The impact of humic acid on hydrogen adsorptive capacity of eagle ford shale: Implications for underground hydrogen storage

Document Type

Journal Article

Publication Title

Journal of Energy Storage






Centre for Sustainable Energy and Resources / School of Engineering




Abid, H. R., Yekeen, N., Al-Yaseri, A., Keshavarz, A., & Iglauer, S. (2022). The impact of humic acid on hydrogen adsorptive capacity of eagle ford shale: Implications for underground hydrogen storage. Journal of Energy Storage, 55(Part C), article 105615.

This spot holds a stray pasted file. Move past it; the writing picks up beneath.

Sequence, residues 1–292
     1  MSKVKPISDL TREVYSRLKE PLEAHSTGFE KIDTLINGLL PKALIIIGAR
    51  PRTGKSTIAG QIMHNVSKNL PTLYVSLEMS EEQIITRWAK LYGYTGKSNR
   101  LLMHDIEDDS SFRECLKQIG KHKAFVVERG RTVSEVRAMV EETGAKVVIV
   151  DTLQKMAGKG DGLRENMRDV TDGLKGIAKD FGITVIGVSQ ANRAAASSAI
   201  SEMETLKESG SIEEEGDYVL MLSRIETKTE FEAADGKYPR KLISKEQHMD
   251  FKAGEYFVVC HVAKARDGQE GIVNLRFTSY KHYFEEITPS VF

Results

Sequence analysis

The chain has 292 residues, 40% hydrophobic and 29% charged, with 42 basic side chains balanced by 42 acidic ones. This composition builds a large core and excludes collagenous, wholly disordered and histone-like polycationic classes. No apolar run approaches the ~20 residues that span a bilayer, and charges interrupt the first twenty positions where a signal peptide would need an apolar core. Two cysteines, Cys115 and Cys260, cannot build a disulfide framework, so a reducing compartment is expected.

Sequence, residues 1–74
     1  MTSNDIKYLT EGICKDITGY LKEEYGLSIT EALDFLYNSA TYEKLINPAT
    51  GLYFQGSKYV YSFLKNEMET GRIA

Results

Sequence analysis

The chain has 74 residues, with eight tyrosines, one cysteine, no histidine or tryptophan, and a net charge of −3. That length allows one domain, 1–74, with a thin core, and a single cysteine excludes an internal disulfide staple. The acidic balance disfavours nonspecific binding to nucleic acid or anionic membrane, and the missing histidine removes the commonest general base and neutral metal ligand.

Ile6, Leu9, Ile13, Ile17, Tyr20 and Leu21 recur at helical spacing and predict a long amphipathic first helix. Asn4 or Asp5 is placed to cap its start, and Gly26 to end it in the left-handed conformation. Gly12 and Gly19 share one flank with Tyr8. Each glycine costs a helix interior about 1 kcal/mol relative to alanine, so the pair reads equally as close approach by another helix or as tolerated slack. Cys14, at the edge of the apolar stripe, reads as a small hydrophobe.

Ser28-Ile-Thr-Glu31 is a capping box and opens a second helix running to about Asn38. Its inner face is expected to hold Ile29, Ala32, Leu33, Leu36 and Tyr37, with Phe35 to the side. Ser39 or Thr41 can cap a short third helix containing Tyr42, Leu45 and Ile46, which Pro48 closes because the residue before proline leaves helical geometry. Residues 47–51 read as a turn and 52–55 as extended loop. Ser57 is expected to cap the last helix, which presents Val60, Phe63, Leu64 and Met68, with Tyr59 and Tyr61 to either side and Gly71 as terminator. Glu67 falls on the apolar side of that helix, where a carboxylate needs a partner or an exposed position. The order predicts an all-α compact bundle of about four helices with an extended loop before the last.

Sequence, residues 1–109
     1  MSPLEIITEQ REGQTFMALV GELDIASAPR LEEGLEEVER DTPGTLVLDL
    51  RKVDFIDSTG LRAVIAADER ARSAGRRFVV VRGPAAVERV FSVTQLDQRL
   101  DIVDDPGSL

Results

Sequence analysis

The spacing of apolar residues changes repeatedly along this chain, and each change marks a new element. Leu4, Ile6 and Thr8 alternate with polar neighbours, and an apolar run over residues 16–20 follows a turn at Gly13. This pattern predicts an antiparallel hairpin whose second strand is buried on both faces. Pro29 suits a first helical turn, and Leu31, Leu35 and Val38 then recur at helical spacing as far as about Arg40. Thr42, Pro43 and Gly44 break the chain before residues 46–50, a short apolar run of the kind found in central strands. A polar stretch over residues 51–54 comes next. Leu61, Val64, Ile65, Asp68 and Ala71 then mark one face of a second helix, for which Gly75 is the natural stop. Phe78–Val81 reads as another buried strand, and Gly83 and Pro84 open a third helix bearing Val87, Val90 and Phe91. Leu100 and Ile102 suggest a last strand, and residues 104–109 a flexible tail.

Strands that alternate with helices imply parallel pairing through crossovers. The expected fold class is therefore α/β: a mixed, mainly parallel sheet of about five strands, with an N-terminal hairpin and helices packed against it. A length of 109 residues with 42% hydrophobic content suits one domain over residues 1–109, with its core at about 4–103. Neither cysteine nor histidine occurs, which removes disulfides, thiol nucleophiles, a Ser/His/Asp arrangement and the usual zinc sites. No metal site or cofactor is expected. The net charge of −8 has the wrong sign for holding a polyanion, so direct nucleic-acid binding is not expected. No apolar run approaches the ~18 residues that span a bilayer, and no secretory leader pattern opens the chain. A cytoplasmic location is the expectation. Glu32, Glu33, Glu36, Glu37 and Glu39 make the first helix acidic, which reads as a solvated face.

Hydrogen is a clean fuel that is anticipated to play a key role to phase-out fossil fuels and consequently decline the global warming challenges. Large-scale Underground Hydrogen Storage (UHS) is a critical link in hydrogen economy, but it is yet to be successfully achieved at industrial scale, and this is presently a main drawback in the hydrogen economy. Organic-rich shale pores have been suggested as promising geo-storage media for underground storage of hydrogen through the adsorption trapping mechanism. The hydrogen (H2) could be stored as an adsorbed phase on the kerogen surface or clay minerals, thus replacing methane (CH4) on adsorption sites during competitive adsorption. Moreover, methane has been suggested as a promising cushion gas for hydrogen. Experimental measurement of the H2 and CH4 adsorptive capacity of shale is essential for precise description of competitive adsorption behavior between CH4 and H2 in shale, as well as in designing of UHS in shale. Thus, adsorption capacities of methane and hydrogen were measured using a PCTpro adsorption analyzer in this study. Since organic acids are inherently present in geo-storage media, H2 and CH4 adsorption capacities in the fresh shale and shale aged with humic acid (Shale-HA) were compared to evaluate the impacts of adsorbed organic acids on their gas adsorption affinities. Our results showed that at 303 K, the adsorption of hydrogen increased by almost 170 % at 2.5 MPa and 350 % at 4.28 MPa in Shale-HA. The H2 adsorption trends on both shale samples are type IV isotherm adsorption curves that increased steeply with pressure but levelled beyond 3.5 MPa. The low-pressure N2 adsorption-desorption isotherms showed a type II adsorption isotherm. The CH4 adsorption capacity in raw shale was uniformly increased more than that of hydrogen, but there is no significant difference in CH4 adsorption capacity in shale-HA. This work provides fundamental data for hydrogen storage in shale reservoirs, thus facilitates full-scale implementation of hydrogen economy.



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